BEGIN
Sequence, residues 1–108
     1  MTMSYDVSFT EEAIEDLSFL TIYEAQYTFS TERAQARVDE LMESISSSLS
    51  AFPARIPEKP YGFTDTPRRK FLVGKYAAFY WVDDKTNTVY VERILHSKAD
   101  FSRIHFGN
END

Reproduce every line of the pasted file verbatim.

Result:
Sequence, residues 1–108
     1  MTMSYDVSFT EEAIEDLSFL TIYEAQYTFS TERAQARVDE LMESISSSLS
    51  AFPARIPEKP YGFTDTPRRK FLVGKYAAFY WVDDKTNTVY VERILHSKAD
   101  FSRIHFGN